Citation. 273 F.3d 249 (2d Cir. 2001)
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Brief Fact Summary.
Vietnam veterans harmed by Agent Orange after a settlement agreement was made in a class action, seek to not be bound to that class action settlement.
Synopsis of Rule of Law.
In order for a plaintiff to be bound to a class action, they must be afforded adequate representation in the class action and any class action settlement will not be binding against those lacking that representation.
Many veterans of the Vietnam War suffered death or disability due to Agent Orange, a chemical used during the war. In the 1970’s a class action was filed where any and all potential victims of Agent Orange were able to find redressability. On the eve before the trial the parties came to a settlement for 180 million dollars. This was to pay directly to those veterans who suffered death or disability occurring before or after 1985 to 1994. The Judge sent out notice to possible class members in every avenue of notice available. In 1989 and 1990 two veterans brought suit stating that there harms occurred after the settlement was reached and so they should not be included in the class. Since payment was available to all until 1994 and the settlement agreement made its best attempts to cover future claimants, and the agreement gave an injunction against future claims, their claims were dismissed. Then in 1996 another veteran and in 1999 plaintiff Stephenson filed a similar action. Since these filings the settlement fund has depleted. The court again stated against that they were part of the class and bound to that settlement as well, and appealed.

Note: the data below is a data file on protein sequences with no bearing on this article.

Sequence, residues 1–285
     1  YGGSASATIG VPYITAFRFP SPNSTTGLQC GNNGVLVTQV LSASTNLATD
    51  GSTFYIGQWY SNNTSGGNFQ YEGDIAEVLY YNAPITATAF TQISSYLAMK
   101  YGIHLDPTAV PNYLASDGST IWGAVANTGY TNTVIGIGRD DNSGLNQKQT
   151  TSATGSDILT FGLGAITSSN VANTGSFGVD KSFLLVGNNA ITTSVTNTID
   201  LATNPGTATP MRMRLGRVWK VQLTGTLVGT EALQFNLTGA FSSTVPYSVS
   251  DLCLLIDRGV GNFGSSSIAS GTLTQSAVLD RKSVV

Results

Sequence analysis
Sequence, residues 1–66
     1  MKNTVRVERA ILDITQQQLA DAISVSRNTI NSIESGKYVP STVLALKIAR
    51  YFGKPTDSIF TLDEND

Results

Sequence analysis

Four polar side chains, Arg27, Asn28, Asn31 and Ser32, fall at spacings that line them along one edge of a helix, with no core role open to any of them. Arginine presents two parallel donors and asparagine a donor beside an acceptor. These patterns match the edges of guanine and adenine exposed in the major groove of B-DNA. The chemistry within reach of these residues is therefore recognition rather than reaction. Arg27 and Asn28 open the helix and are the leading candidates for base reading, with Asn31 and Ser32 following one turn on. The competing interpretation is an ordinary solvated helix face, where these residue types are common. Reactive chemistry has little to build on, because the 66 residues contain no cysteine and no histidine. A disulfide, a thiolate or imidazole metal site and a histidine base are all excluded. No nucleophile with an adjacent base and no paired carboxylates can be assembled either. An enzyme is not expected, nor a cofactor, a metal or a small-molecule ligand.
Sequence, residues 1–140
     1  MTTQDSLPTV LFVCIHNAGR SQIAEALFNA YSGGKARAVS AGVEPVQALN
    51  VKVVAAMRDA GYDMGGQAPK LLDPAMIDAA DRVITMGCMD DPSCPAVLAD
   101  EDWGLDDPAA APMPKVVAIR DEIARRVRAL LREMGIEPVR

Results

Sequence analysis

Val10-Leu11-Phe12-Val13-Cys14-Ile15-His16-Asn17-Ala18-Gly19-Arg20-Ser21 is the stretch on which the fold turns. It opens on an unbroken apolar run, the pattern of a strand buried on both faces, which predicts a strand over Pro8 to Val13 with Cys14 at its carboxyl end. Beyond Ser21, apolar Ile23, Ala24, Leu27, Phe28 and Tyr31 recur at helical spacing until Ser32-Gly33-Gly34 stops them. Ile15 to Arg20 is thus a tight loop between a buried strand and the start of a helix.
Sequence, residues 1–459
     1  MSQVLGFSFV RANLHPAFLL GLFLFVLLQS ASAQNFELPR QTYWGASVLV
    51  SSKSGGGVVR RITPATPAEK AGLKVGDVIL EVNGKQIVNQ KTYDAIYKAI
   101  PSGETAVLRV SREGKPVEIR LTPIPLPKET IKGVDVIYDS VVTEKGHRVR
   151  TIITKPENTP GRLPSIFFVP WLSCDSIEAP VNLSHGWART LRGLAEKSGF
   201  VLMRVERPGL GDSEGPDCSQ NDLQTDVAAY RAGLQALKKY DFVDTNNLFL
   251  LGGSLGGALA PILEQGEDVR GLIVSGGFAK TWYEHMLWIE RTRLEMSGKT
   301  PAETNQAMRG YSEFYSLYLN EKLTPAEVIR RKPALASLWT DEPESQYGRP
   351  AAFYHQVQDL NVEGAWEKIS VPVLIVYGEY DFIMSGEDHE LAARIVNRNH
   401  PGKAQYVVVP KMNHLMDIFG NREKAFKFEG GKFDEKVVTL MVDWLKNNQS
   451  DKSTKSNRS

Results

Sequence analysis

Whether an absent class member can be bound to a class action settlement, where he can show he was not adequately represented.
No. Plaintiffs can only be bound to a class action case or class action settlement if they received adequate representation in that class action. When a class member emerges, after the trial or settlement, they are called an absent class member. To determine if that absent class member was adequately represented the court has a two prong test. First question is: was absent class members considered by the first trial judge and second question is; does it appear that the class representative adequately represented those interests? Any money award or injunction granted in such settlement will not be held for or against such plaintiffs once they show that inadequacy. The Second issue at trial is whether the plaintiffs may bring a collateral attack against the defendants. Defendants argue that such an attack would be in violation of their Due Process rights, however as the court points out, the Court historically has allowed collateral attacks in class action suits. While the court did conclude in the suits raised in 1989 and 1990 that the plaintiffs did have adequate representation, there were still funds to be dispersed. Stephenson, is like those plaintiffs, someone with harm that developed after the settlement; however, the funds have since depleted and his suit is raised after payments were scheduled to occur which was until 1994. This court does not wish to attack or discuss the legal arguments of the case, but simply focus on the plaintiffs argument that they do not belong to that class of persons. Since they do not, the defendants may not raise a res judicata defense against Stephenson either. Res Judicata requires the case must be between the same parties. If Stephenson is not a member of that class, then he certainly is not the same party from that settlement case. While res judicata will bind absent class members, it will only do so when that absent member received adequate representation in that prior suit.
Absent Class members will only be joined if the interests of those not joined are the same of the class as the interest of those who are, and when it is considered that the later, be fairly represented the former parties in the prosecution of the litigation.